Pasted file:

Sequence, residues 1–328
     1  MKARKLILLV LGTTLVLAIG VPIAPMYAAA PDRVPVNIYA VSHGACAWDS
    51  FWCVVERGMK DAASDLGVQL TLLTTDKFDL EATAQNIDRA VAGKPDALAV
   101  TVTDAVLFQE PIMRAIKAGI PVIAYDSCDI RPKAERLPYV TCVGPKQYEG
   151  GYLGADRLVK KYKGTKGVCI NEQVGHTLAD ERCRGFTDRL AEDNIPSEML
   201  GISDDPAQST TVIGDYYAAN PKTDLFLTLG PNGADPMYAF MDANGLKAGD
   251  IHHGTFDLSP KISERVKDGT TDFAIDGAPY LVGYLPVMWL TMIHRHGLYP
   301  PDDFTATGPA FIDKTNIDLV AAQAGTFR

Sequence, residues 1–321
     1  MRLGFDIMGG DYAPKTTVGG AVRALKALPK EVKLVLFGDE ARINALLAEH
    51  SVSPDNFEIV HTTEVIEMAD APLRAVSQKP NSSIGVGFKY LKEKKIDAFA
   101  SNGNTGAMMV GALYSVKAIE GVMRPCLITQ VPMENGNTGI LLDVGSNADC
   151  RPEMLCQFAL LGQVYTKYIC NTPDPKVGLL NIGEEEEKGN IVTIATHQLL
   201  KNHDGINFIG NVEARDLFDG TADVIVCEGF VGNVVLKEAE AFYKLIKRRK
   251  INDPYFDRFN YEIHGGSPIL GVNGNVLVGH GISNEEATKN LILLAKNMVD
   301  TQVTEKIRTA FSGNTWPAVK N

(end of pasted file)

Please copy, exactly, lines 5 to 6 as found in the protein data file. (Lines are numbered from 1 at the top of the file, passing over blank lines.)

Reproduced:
   151  GYLGADRLVK KYKGTKGVCI NEQVGHTLAD ERCRGFTDRL AEDNIPSEML
   201  GISDDPAQST TVIGDYYAAN PKTDLFLTLG PNGADPMYAF MDANGLKAGD